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Rite of passage parenting: Mistaken identity

Many years ago, a stray female dog happened to appear on my mother-in-law’s front steps one day. The dog was one-half Labrador retriever. The other half came from, well, let’s just say the rest of the neighborhood. Mom tried everything in her power to keep this stray from taking up permanent residence: shooing her away, yelling at her and throwing things at her. But somehow, the dog never got the hint she wasn’t wanted or appreciated. I guess for her, even negative attention was better than none at all.

After weeks of persistence, the dog won the battle and became a fixture in my in-law’s home and yard. I didn’t know anyone who liked seeing this people-loving dog coming, because she had a nasty habit of licking anyone and everyone in sight. She licked you every time you stepped out the front door. She licked the mailman. She licked the paperboy. She licked the next-door neighbor and the next-door neighbor’s kids. She licked everything. And these were no ordinary licks. This particular dog had one of those slibber-slobbering tongues that seem to contain a gallon of saliva with every slurp.

She also had another unusual quality: she loved to go out in the yard and sit on a tree stump. You have to picture this in your mind to really understand it. Here is a tree stump about three feet high, and on top of this stump sits a coal-black dog. If this dog wasn’t licking something or someone, she was sitting on her throne. So my mother-in-law named her Sheba in honor of the “Queen of.”

But Sheba thought she had another name. Every time she came near, anyone around would yell, “Don’t lick!” The more we yelled, “Don’t lick,” the more excited she got. It seemed to her that every stranger knew her name was “Don’t lick.” Sheba was happiest when she was with a group of people, running from person to person as each one yelled, “Don’t lick, don’t lick.” I don’t think she ever caught on to the fact that we didn’t appreciate all the affection she expressed through her tongue.

But the sad thing is, I know many children who are a lot like Sheba. These young people think they have another name, too—one like “No good,” “Stupid” or “Can’t you ever do anything right?” That mistaken identity permeates their countenance and character. Children, especially those who have negative words coupled with their identities, become what they hear most. A child who has two names—the one on his birth certificate and another that has been placed on him through negative words—is open to the enemy’s attack. For a child to have a solid identity, his birth name must align with what others speak into him and what God, the Father, says about him.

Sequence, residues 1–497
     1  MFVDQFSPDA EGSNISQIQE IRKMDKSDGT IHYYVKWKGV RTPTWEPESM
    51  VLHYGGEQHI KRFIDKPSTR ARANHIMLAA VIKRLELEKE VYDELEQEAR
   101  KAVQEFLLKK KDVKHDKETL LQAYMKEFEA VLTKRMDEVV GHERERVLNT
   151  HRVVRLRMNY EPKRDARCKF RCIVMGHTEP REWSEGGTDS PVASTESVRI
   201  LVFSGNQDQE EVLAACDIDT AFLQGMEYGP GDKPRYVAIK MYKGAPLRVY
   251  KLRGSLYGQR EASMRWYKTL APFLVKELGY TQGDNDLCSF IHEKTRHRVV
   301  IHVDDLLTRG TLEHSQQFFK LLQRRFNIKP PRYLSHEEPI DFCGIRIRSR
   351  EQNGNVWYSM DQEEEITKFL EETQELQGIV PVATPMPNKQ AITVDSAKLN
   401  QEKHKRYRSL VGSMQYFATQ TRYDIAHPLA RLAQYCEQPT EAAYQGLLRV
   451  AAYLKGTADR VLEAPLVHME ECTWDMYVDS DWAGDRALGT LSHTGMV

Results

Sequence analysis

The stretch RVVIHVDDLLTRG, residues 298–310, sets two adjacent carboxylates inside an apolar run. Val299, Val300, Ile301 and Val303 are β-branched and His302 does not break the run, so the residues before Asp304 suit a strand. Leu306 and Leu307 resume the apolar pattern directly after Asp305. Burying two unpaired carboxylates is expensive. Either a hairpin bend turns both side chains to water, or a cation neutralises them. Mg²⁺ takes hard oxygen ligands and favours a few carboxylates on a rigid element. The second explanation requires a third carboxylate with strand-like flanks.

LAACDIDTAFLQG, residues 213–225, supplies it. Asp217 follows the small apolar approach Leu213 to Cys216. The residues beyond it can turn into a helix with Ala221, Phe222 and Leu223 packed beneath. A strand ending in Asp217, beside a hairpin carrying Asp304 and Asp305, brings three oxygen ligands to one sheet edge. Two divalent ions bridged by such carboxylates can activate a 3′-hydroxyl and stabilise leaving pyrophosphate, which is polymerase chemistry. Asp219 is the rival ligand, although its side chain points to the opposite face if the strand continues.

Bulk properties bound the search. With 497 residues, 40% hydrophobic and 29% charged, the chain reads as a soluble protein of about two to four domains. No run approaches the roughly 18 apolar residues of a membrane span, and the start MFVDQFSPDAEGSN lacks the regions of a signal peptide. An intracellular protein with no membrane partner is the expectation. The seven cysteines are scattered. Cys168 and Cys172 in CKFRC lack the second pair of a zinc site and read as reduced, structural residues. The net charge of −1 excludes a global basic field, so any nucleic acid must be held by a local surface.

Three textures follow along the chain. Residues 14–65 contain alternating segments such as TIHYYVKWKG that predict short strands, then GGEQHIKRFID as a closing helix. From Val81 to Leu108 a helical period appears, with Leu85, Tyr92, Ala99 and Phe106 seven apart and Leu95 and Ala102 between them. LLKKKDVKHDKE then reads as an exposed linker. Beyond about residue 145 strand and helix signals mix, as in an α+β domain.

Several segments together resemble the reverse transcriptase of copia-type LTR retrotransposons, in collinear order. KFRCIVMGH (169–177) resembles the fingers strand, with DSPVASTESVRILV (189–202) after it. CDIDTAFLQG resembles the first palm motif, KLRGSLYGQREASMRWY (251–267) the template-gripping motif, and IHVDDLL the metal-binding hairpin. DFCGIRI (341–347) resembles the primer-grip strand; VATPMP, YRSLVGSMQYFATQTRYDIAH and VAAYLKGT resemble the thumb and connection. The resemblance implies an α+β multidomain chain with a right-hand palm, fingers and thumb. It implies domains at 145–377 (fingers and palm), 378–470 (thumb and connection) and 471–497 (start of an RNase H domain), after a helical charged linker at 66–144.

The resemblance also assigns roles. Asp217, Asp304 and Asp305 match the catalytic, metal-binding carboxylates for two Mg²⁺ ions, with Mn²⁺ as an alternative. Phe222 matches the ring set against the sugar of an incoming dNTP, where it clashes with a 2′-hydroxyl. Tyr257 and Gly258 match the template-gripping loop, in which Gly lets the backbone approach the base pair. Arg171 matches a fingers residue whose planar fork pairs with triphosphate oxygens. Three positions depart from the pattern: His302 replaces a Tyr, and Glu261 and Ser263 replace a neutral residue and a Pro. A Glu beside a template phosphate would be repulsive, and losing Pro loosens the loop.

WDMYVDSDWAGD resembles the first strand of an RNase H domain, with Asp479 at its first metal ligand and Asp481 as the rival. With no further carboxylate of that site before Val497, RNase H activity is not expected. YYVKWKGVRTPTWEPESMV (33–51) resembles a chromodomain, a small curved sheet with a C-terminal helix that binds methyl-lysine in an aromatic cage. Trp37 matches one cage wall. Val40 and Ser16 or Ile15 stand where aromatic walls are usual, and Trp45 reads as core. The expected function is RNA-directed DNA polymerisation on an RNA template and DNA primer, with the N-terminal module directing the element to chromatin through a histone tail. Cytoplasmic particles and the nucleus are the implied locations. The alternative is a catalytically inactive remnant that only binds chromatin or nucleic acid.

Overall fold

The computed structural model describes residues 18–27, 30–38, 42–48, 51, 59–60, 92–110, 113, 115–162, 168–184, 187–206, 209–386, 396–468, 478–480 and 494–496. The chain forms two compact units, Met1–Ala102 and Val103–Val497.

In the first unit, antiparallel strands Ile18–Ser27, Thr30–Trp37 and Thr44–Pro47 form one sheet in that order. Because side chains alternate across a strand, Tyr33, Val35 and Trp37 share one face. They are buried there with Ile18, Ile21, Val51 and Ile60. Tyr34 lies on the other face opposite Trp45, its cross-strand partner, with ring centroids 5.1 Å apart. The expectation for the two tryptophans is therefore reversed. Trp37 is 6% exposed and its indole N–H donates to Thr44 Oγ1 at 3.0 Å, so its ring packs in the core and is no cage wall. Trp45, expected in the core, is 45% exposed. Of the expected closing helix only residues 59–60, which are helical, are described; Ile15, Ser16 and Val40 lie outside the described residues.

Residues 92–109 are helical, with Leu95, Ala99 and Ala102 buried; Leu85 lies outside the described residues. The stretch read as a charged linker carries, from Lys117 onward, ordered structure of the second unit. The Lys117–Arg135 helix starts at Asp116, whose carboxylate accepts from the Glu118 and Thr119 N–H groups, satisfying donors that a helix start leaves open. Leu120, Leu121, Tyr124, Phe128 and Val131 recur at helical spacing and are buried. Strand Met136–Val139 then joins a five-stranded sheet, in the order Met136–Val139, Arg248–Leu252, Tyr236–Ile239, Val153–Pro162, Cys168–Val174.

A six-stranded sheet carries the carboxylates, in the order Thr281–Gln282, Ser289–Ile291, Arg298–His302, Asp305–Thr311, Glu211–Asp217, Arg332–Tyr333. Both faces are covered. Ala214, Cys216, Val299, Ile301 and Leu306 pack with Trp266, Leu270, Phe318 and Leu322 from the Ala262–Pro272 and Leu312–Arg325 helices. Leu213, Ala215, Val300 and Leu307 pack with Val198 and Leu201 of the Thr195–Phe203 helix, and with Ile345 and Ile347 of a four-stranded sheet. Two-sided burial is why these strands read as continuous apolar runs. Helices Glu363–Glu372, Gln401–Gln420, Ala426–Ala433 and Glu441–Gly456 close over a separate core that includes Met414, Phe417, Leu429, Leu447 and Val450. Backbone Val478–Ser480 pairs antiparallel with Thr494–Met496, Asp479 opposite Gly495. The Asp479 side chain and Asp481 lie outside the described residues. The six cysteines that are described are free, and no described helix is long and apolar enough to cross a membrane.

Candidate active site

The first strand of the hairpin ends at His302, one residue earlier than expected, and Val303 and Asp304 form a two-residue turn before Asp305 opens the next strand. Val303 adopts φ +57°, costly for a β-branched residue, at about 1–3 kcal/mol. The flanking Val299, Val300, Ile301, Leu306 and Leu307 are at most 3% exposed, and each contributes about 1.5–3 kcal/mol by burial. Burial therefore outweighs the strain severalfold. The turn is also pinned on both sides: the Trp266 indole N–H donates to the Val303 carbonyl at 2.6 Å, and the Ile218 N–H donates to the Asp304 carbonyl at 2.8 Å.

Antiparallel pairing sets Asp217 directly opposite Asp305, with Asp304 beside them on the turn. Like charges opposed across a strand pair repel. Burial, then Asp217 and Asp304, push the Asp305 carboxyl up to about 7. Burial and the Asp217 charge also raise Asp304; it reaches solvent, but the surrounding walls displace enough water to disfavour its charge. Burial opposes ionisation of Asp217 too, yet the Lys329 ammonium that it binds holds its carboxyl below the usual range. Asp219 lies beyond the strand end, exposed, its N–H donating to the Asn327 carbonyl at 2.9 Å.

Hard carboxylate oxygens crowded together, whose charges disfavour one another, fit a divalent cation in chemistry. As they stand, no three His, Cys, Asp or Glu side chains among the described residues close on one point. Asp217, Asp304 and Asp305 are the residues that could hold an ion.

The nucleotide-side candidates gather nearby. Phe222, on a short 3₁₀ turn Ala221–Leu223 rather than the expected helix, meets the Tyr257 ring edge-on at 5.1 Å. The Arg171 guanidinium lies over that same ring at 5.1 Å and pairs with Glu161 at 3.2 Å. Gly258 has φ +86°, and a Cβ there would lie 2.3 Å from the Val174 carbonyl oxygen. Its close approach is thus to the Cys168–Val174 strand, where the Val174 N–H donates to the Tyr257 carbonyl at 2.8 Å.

Last Sunday, my son, Caleb, preached a sermon about Jesus and His identity. He explained that there were three things that never defined Jesus. He was never defined by the crowd, he was never defined by His friends and he was never defined by His family.

In Mark 3:21, Jesus’ own family, those closest to Him, called Him crazy: “When His family heard about this, they went out to take charge of Him, for they said, ‘He is out of His mind.’”

But Jesus didn’t let anyone else speak a negative identity into Him. Instead, His identity came from His heavenly Father. If your child doesn’t find his identity in God and His Word, he will get his identity by default from the crowd, friends or family. And many times, that kind of identity is devastating.

This is why it is important for a child’s earthly name to reflect her Heavenly Father and for you as the parent to help her connect those two things. Your children need to understand what God says about them: “I praise you because I am fearfully and wonderfully made; your works are wonderful, I know that full well” (Psalm 139:14). Every child should know what his name means, and that name should guide him toward God, the Father.

I have written a lot about my grandson, Titus, and that his name means “Honorable one.” My wife and I just found out that we are going to have our second grandchild in February. I can’t wait to find out whether this child will be a boy or girl, and what my son and daughter-in-love will name the new baby, because names are important. Names matter to God, and the right one will help guide us toward Him.

Whatever happened to Sheba? After my mother-in-law passed away, Sheba became so lonely that she passed away, too. I never thought I would miss a good lick’n.

Walker Moore

Author: Walker Moore

View more articles by Walker Moore.

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